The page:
The problem that we were trying to solve and the concept of how we tried to do it does not necessarily depend on Vagrant. In fact, the idea was based on having a virtual machine (VM) deployed on a local hypervisor. Running the VM locally might seem dubious at first thought. However, as we found out, this gives us certain advantages that allow us to create a better experience for the developer by creating an extension to the workstation.

We opted to go for VirtualBox as a virtualization provider primarily because of our familiarity with the tool and this is where Vagrant comes into play. Vagrant is one of the tools that make up the open-source HashiCorp Suite, which is aimed at solving the different challenges in automating infrastructure provisioning.

In particular, Vagrant is concerned with managing VM environments in the development phase Note, for production environments there are other tools in the same suite that are more suitable for the job. More specifically Terraform and Packer, which are based on configuration as code. This implies that an environment can be easily shared between team members and changes are version controlled and can be tracked easily. Making the resultant product (the environment) consistently repeatable. Vagrant is opinionated and therefore declaring an environment and its configuration becomes concise, which makes it easy to write and understand.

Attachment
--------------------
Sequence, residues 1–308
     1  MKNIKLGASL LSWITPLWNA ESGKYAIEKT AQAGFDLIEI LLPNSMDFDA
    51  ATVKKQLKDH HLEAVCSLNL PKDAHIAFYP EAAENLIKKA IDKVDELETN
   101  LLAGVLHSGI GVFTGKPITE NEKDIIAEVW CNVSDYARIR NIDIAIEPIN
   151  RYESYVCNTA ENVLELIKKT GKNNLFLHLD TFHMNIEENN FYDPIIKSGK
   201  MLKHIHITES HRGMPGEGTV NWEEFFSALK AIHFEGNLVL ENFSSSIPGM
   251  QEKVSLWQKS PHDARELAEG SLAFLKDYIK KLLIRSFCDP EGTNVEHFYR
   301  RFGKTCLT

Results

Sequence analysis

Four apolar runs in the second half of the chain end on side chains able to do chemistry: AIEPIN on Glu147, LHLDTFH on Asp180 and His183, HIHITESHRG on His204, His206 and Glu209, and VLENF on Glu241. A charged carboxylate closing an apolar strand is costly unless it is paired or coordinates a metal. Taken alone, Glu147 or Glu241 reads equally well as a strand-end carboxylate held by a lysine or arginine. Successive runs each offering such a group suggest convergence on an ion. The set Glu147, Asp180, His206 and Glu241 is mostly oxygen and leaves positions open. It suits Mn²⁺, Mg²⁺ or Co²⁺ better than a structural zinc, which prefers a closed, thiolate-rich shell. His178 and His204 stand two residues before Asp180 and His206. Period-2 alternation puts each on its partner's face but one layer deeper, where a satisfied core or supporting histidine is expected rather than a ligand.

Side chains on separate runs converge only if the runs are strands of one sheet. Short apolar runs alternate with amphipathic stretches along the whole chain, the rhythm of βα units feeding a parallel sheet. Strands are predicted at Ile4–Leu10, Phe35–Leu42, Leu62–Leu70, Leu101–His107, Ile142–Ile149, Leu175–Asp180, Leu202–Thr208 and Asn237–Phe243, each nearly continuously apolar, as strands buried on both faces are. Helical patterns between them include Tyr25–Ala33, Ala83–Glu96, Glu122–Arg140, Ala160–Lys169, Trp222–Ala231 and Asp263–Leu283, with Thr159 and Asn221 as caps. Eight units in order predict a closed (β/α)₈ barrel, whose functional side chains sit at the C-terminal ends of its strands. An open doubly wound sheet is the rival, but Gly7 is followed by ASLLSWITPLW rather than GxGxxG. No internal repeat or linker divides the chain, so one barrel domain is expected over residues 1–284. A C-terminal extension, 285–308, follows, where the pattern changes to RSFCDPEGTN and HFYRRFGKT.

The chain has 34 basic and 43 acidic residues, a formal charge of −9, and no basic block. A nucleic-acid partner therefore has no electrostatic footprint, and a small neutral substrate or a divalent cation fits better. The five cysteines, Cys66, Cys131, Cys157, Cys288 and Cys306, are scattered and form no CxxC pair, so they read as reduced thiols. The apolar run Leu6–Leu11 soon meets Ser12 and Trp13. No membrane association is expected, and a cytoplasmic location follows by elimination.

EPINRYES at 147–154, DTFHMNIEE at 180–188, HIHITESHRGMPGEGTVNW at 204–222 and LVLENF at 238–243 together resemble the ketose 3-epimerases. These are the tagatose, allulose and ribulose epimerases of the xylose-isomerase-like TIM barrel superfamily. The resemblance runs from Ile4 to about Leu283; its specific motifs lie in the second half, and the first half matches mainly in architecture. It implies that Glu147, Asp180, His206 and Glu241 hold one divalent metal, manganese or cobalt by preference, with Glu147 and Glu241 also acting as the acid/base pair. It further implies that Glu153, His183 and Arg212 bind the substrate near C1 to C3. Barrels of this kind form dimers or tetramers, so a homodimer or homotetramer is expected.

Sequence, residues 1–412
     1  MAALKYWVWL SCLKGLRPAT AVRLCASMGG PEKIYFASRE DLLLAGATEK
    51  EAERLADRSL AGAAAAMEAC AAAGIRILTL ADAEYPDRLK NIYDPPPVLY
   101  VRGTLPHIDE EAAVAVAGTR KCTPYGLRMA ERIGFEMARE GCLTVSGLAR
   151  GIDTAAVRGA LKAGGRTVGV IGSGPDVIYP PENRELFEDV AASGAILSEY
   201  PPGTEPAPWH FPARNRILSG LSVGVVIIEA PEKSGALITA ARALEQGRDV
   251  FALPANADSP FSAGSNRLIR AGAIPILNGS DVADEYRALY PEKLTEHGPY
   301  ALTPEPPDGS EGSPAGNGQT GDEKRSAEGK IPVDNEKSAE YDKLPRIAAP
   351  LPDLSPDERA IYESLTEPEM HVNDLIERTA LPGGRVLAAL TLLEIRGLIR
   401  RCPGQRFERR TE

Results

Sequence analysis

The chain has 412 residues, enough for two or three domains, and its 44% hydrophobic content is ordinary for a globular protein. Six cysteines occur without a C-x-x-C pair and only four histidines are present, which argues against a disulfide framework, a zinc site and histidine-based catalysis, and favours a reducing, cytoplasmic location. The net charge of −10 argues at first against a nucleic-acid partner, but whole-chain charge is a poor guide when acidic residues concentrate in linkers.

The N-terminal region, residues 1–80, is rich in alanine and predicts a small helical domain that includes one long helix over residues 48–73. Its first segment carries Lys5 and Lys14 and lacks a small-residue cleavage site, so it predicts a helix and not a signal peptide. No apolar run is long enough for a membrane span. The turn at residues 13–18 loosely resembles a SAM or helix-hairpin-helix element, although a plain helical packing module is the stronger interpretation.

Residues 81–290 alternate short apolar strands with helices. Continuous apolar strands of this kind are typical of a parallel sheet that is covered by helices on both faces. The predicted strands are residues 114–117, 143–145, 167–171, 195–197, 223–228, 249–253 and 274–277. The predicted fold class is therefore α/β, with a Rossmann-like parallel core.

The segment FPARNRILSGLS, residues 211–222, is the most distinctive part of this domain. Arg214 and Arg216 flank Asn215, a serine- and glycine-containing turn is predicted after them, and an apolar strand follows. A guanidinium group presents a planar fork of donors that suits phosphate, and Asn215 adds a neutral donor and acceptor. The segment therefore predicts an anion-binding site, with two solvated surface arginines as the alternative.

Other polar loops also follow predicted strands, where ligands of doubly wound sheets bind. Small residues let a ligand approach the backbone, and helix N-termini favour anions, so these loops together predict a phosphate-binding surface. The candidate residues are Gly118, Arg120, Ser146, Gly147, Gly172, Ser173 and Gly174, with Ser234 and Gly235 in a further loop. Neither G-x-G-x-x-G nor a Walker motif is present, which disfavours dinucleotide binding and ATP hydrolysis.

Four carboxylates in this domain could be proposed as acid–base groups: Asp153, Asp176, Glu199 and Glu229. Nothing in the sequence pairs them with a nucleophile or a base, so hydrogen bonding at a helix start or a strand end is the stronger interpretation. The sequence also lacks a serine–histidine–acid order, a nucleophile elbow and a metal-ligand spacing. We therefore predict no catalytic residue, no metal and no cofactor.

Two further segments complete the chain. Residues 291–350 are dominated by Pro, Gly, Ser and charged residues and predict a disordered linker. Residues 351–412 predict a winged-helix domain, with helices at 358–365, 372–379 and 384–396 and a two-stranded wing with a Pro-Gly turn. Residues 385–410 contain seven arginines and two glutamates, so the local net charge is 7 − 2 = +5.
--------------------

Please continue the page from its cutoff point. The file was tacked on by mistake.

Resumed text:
Read more about the effects of VMs on development in our blog post DevOps and Virtualization.

workstation expansion

Why Ansible?

After settling on using Vagrant for our solution and enjoying the automated production of the VM; the next step was to find a way to provision that VM in a way that marries the principles advertised by Vagrant.